One reason people procrastinate is a deep-seated and subtle fear.
But sometimes there are other ingredients at play.
Research has shown that one critical reason for procrastination is simply whether someone is in a good mood or bad mood.
If you want to be maximally productive, take care with your mood.
The Procrastination Experiment
A psychology experiment had college students being instructed to prepare for a test. They were given various distractions and were read material that put them in various moods. They were also given aromatherapy candles and told the candles would improve their mood.
Although it’s interesting to read about such experiments being performed, the results weren’t very surprising.
The group that procrastinated the most had three ingredients:
1. They were in bad moods.
2. They believed that (through the candles) they had the power to change their mood.
3. They had access to lots of fun distractions.
This Makes Sense
As I’ve thought about this, I can remember time after time after time in my own life where I’ve procrastinated while I was in a bad mood.
Likewise, my most productive times tend to be when I’m also in a generally good mood.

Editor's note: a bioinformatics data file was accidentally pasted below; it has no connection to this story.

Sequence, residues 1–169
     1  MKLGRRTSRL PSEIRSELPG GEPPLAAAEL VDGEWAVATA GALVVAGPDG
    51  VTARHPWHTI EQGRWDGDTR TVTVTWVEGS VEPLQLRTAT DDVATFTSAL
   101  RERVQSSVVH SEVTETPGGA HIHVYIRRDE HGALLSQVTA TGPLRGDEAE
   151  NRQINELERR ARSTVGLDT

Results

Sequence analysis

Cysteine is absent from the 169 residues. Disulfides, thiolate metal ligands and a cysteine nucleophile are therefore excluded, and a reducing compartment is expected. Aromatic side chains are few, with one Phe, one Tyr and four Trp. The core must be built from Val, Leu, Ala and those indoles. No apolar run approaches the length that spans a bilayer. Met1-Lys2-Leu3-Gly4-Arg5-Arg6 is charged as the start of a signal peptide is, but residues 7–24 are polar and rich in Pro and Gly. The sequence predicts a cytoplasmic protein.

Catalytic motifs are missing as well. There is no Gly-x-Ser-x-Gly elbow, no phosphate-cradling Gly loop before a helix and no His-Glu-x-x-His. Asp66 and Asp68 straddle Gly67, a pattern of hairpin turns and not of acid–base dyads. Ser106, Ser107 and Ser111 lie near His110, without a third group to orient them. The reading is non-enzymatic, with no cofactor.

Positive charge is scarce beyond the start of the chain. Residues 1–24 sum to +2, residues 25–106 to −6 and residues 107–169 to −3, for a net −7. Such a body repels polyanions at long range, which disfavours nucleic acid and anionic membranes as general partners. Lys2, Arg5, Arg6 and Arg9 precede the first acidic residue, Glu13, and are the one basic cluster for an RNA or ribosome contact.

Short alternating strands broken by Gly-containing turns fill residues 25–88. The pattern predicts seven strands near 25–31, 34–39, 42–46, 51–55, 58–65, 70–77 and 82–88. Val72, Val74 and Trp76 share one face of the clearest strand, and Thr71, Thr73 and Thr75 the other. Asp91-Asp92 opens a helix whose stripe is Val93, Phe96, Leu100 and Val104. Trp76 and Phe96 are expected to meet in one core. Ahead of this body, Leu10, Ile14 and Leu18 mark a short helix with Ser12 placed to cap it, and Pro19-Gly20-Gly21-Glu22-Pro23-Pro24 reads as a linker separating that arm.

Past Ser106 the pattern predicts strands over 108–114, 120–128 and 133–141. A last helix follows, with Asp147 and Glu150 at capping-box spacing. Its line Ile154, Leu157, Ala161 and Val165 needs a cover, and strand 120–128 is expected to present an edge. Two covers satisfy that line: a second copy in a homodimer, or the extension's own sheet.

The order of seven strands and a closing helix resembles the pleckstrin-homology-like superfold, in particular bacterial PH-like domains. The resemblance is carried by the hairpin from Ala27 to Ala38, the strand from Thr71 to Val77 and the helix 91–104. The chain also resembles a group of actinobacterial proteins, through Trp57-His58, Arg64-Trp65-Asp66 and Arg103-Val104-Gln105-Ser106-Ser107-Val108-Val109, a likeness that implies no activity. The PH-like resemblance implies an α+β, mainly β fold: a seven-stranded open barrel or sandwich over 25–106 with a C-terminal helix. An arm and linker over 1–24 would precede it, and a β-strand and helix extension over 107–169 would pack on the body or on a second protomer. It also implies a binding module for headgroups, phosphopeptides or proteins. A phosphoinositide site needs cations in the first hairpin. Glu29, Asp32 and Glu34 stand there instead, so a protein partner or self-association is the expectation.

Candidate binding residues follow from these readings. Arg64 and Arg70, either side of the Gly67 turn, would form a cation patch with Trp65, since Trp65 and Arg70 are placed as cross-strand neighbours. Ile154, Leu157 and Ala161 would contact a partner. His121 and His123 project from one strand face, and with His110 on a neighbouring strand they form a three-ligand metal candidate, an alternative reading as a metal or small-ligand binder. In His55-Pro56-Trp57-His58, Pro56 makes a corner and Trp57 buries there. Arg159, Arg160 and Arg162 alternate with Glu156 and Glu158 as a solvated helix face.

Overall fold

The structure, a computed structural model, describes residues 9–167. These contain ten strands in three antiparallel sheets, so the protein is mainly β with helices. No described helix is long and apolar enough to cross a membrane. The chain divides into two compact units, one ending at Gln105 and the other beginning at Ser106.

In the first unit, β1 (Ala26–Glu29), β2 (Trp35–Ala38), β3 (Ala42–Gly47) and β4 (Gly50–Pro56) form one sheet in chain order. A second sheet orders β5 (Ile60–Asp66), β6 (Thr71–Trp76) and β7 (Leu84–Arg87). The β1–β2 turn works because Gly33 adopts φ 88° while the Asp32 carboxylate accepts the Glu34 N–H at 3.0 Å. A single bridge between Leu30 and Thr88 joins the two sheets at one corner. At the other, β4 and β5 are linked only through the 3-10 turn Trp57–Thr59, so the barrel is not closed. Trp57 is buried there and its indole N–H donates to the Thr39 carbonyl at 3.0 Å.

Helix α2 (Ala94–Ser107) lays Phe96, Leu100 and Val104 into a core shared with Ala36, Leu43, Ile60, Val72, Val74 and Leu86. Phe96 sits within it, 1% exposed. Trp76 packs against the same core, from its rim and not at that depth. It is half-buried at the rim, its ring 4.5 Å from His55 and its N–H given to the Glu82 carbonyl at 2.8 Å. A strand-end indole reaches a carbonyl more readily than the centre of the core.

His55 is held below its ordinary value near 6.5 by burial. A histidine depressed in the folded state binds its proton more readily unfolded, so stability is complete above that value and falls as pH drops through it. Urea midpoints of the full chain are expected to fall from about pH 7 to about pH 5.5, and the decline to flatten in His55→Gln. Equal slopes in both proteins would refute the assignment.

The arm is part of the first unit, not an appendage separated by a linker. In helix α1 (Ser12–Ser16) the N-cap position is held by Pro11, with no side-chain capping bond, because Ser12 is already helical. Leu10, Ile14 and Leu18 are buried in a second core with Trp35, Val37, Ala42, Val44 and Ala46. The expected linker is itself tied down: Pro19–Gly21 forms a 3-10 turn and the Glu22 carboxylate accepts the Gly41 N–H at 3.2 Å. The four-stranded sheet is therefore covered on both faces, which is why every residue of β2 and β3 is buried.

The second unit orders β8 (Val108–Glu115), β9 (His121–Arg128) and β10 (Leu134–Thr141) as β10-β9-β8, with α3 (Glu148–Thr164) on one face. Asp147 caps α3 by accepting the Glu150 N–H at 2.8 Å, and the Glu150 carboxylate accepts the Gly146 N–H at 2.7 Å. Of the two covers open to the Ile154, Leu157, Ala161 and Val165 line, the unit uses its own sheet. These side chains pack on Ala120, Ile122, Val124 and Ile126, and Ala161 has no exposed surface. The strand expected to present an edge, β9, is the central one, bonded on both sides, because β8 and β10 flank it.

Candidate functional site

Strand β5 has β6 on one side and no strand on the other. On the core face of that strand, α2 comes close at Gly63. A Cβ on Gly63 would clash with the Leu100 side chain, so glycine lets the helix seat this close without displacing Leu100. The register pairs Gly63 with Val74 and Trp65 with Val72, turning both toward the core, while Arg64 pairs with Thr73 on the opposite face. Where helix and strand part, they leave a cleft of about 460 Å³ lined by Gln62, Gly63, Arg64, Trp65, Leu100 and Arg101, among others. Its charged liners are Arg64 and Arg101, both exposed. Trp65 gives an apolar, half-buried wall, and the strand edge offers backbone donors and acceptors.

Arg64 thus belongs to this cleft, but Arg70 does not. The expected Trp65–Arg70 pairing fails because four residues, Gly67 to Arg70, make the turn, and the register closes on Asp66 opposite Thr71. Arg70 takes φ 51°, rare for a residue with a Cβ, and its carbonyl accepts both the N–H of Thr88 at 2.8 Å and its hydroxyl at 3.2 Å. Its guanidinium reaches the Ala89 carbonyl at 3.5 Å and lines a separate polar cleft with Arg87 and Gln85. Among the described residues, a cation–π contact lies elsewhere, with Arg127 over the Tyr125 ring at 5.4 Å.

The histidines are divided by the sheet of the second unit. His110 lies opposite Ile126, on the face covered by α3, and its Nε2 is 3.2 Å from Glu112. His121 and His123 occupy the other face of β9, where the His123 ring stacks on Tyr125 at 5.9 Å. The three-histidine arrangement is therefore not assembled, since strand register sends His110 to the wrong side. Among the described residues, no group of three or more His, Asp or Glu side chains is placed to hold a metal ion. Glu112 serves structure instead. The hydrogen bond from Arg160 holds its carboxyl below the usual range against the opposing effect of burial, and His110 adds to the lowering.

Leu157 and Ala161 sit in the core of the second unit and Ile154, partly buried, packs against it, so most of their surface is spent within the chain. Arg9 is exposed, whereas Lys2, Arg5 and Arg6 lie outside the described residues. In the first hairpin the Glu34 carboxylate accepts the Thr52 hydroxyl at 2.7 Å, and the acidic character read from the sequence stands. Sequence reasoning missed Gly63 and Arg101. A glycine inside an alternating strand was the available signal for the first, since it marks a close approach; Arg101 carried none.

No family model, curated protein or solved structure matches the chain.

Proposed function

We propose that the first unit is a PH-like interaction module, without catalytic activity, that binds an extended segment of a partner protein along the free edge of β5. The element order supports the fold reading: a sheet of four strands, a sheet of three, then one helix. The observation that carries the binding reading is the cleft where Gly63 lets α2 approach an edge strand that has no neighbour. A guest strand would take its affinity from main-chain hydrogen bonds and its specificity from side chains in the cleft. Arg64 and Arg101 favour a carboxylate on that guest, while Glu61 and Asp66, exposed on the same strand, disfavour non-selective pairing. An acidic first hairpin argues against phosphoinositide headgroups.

I see three areas of application:
1. Do what you can to maintain a good mood.
Get enough sleep. Exercise. Spend time with friends. Laugh.
Although we don’t want to be slaves to our moods and emotions, it does seem wise to avail ourselves of every opportunity to affect our mood if that would make us more productive.
Jonathan Edwards did the same with his diet: paying close attention to what eating habits and what foods kept his mind sharp for study.
The same attention to our moods is biblically prudent.
2. If you do find yourself in a bad mood, take appropriate care to pull yourself out.
Again, we don’t want to be slaves to our emotions.
But the same diligence that we apply to maintaining a positive emotional state should also be used when we realize we’ve drifted into a foul mood.
Prayer, music, getting outdoors, practicing gratitude – these are all things that can improve our moods.
The key though is to use this appropriately. As the experiment showed, if we have believe that engaging in a particular practice will change our mood, then we’re much more likely to procrastinate by doing these activities.
Remember your boundaries here.
3. When you in a bad mood, know that you must be on guard.
I believe the greatest benefit in understanding the relationship between procrastination and our moods is that now we know when we’re more likely to procrastinate.
When you’re angry, when you’re sad, when you’re anxious – know that these times are times that the temptation to procrastinate will be extra burdensome.
What do you think is a Christian approach to dealing with the relationship between our moods and our productivity?
Photo Credit: Dmitry Kalinin (Creative Commons)
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